HealthDay News — Early-stage cancer survivors have concerns about receiving cancer-related follow-up care from primary care providers, researchers reported in Annals of Family Medicine.

Robert S. DiPaola, MD, from the Cancer Institute of New Jersey in New Brunswick, and colleagues conducted qualitative, semi-structured, in-depth interviews with 42 patients recruited from two National Cancer Institute-designated comprehensive cancer centers and six community hospitals. Participants were early-stage breast and prostate cancer survivors, aged 47 to 80 years, who were at least two years beyond completion of their active cancer treatment.

More than half of participants (52%) expressed a strong preference to receive follow-up care from their oncologist, the researchers found. Lack of cancer expertise, limited or no involvement with original cancer care, and lack of continuity of care were the top barriers participants perceived to primary care clinicians’ engagement in follow-up care.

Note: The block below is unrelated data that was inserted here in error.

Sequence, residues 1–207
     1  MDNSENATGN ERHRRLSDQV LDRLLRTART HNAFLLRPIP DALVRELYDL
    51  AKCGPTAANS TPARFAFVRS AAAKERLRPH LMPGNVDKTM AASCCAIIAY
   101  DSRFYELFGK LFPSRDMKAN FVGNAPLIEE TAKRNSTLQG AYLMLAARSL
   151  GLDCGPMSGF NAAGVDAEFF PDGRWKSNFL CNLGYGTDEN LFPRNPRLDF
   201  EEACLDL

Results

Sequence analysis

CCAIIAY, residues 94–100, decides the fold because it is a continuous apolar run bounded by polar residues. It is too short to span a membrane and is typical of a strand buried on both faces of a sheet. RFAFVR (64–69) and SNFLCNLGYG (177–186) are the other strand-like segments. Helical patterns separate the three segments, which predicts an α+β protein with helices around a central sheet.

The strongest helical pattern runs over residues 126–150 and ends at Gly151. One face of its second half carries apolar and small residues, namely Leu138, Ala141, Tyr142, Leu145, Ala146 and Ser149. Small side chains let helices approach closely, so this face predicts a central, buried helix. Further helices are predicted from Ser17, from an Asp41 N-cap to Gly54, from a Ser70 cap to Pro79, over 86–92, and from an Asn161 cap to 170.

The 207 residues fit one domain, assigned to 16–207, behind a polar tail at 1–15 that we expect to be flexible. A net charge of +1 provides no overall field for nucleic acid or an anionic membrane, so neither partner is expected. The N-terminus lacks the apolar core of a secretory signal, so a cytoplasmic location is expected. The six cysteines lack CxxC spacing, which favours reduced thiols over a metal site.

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Yet despite existing apprehension, study data affirms cancer survivors want primary care clinicians to be familiar with their health issues, “especially [patients] with higher levels of education,” who “see some value in having primary care physicians engaged in their follow-up care,” the researchers wrote.

Among study participants, 38% believed that primary care providers had a role to play in cancer follow-up care. The top areas suitable for primary-care follow-up patients gave included performing routine cancer-screening tests, supplementing cancer and cancer-related specialist care, and providing follow-up medical care when “enough time has passed” or when survivors felt ready to reintegrate into the non-cancer population.

Future research and interventions should focus on addressing both patient and patient-perceived clinician knowledge gaps related to cancer follow-up care.

“Findings from this study support the need for primary care to engage meaningfully in the case management of our growing population of adult cancer survivors,” the researchers wrote.


  1. Hudson SV et al. Ann Fam Med. 2012;10(5):418-427.